I’m always pleased to see a new post up from Amy Welborn and here she touches on something very close to my heart, the simplicity and fullness there for us in the Morning and Evening Prayers as we join our prayers to those of the universal Church:
We can offer up our relatives, friends and enemies, we can pray for the suffering throughout the world, we can offer God our own personal gratitude, hopes and sorrows, and then, stepping into the liturgy, join them to the prayers of the whole Body of Christ. When we do this, we who “do not know how to pray as we ought” learn how to pray and are shaped by the Spirit in that prayer.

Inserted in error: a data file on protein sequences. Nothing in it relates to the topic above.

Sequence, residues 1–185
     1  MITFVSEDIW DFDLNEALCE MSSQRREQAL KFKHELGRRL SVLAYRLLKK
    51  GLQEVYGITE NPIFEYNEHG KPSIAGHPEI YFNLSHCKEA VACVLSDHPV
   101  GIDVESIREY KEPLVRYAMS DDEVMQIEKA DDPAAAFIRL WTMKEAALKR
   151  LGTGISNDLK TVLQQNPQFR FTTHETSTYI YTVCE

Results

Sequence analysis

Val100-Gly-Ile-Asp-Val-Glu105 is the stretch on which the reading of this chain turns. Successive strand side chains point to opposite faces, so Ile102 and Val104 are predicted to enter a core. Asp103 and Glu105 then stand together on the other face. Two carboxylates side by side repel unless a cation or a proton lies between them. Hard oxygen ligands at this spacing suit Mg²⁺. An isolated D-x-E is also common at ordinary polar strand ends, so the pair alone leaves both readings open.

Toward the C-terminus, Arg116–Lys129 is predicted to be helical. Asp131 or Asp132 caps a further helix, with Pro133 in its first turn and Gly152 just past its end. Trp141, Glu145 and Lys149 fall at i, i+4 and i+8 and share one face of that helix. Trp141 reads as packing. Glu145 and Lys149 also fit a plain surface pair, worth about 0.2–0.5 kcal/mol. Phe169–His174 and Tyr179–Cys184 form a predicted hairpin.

When we reflect on how the Holy Spirit acts in our lives, I think we should be wary of an overly individualistic take. The way I have come to understand it is that the Spirit was poured out on the Church – the Church as a whole – and that the primary way that I, as an individual, encounter the Holy Spirit is through the prayer, works of mercy and big T Tradition of that Church.
So in that light, it just seems to me that praying the amazing and rich liturgical prayers of the Church – from the Mass to the Liturgy of the Hours and other forms – is an encounter with the Holy Spirit that shapes me, if I am open, at my deepest level.